Comprehensive DescriptionRead full entry
Ranitomeya imitator is a small frog, with adults ranging from 17 to 22 mm (Symula et al. 2001). Dorsal skin is granular (Schulte 1986). The first toe is clearly differentiated (Schulte 1986). Digital discs are expanded as with other dendrobatids, with finger discs being at least twice the width of the finger base (Schulte 1986). Coloration is quite variable depending on the population, as this species mimics both color and pattern of several other sympatric (co-occurring) species of poison frogs (Symula et al. 2001).
Ranitomeya imitator near Tarapoto, Peru, closely resembles the sympatric species Ranitomeya variabilis (Schulte 1986; Symula et al. 2001). Both species have yellow reticulation over a black background on the head, dorsum, flanks, and forearms, resulting in the appearance of large black patches surrounded by yellow (Schulte 1986; Symula et al. 2001). On the venter and legs, both species have blue-green reticulation over a black background, resulting in the appearance of small black patches surrounded by blue-green (Schulte 1986; Symula et al. 2001). They can be distinguished by the patterning of the black spot on the nose; in R. imitator this spot is split in half by gold reticulation, whereas it is solid in R. variabilis (Schulte 1986; Symula et al. 2001). In addition, differences in calls and in egg coloration distinguish the two species (Symula et al. 2001).
In Huallaga Canyon, Peru, Ranitomeya imitator resembles a sympatric population of Ranitomeya fantastica (Symula et al. 2001). Both species in this area have a black ground coloration with yellow stripes, several of which are transverse, running across the body from side to side and extending down the arms and legs and across the midsection (as seen in the photos in Symula et al. 2001). However, R. imitator is smaller and has different ventral coloration and pattern, as well as a different call (Schulte 1986).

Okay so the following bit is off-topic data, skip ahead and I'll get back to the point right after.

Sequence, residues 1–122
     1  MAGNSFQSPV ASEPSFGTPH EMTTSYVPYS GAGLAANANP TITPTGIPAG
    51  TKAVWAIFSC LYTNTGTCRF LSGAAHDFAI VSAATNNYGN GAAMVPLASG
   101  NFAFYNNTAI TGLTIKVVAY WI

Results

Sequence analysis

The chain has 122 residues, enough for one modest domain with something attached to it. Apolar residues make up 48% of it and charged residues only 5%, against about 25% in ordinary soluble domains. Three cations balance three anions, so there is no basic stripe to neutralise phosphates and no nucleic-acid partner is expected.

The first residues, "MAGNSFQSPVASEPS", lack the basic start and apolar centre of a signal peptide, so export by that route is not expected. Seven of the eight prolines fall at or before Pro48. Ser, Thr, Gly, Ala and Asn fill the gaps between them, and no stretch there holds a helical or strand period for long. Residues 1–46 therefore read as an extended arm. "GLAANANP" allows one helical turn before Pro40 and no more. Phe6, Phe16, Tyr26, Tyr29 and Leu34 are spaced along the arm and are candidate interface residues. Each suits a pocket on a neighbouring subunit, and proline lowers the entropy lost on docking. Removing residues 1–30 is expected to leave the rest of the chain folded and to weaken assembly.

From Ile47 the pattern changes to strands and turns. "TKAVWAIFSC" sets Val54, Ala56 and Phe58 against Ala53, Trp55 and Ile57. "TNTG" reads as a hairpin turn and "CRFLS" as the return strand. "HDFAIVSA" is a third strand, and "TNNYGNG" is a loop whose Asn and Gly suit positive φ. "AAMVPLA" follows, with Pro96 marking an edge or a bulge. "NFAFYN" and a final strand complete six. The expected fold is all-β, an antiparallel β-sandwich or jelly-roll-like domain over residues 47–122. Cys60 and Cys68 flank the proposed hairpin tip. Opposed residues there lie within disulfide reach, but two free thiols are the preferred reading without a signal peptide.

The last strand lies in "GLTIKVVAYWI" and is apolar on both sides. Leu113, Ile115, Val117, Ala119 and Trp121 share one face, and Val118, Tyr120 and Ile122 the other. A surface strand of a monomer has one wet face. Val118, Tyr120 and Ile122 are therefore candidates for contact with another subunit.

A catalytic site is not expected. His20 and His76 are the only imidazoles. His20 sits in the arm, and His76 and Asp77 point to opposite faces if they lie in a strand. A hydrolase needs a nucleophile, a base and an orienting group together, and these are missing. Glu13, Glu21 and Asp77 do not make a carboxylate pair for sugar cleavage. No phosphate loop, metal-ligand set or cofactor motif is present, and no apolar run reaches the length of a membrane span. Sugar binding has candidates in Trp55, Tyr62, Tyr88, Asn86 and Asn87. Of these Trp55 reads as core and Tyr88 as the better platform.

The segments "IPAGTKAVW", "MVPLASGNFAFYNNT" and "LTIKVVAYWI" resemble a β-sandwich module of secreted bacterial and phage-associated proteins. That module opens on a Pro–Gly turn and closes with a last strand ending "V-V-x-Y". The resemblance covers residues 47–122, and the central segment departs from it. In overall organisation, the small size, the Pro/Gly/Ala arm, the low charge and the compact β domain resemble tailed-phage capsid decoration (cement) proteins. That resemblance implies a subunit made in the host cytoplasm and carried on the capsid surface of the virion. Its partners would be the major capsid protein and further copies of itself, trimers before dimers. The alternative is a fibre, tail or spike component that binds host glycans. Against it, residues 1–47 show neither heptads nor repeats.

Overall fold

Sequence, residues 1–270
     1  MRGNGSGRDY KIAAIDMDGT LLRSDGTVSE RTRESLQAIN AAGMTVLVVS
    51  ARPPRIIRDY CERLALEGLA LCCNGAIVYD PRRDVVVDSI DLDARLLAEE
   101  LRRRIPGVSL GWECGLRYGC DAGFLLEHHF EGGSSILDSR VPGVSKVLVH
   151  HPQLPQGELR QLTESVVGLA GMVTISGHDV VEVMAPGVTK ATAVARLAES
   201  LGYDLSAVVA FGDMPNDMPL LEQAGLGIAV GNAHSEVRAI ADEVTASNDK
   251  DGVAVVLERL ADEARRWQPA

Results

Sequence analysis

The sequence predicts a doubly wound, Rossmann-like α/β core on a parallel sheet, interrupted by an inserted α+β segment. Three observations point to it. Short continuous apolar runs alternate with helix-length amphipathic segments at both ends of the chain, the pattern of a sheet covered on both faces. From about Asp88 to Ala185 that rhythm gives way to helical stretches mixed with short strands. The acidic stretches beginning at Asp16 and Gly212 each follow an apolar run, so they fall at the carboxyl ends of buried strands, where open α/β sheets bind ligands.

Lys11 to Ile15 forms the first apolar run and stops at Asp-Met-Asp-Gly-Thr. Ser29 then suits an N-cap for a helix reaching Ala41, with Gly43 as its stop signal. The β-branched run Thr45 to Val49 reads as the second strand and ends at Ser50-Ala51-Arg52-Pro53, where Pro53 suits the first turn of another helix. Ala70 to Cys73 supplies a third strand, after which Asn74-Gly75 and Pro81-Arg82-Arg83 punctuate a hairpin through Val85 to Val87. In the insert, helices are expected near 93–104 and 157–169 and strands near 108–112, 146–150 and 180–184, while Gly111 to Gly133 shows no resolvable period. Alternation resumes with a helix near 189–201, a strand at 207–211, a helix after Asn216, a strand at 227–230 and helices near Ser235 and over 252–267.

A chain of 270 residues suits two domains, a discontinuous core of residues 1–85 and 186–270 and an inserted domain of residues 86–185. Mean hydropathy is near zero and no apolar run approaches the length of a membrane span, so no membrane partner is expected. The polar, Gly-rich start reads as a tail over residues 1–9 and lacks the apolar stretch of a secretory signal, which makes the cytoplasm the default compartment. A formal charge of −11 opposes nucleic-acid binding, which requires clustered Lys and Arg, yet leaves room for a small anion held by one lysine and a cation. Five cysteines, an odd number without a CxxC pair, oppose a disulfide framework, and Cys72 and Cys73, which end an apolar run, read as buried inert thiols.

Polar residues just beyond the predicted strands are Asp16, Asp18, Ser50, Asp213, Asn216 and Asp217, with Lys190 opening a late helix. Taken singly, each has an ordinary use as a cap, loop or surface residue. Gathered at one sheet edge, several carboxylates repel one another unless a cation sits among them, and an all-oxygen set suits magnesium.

Near Yurimaguas, Ranitomeya imitator mimics Ranitomeya ventrimaculata (Symula et al. 2001). These frogs share the coloration pattern of thin longitudinal yellow stripes on a black background, over the head, dorsum, and flanks, while the legs have blue-green reticulation over a black background, resulting in the appearance of small black patches surrounded by blue-green color (as seen in the photos in Symula et al. 2001). Here again Ranitomeya imitator appears to be distinguishable by having a black spot on the tip of the snout bisected by a gold stripe. Male calls also differ between the two species (Symula et al. 2001).
This species is unusual in its mimicry of other species. It mimics not one but three other species of highly toxic poison frogs (Ranitomeya fantastica, Ranitomeya variabilis, and Ranitomeya ventrimaculata). This represents the only known example of mimetic radiation in amphibians, where different populations within a single species mimic several other species in appearance. In each case, a population of R. imitator is sympatric with a population of one of the other dendrobatid species, and looks virtually identical. Despite the similar appearances, in each case the two sympatric species can be distinguished by male calls and by egg coloration (Symula et al. 2001). The R. imitator populations have been confirmed by molecular phylogenetic analysis to be closely related members of a single species (Symula et al. 2001).
Because both species are toxic in each case, and both benefit from the resemblance, this is an example of Müllerian mimicry.In 2011, the genus Dendrobates was subdivided into seven genera, including the new genus Ranitomeya by Brown et al (2011).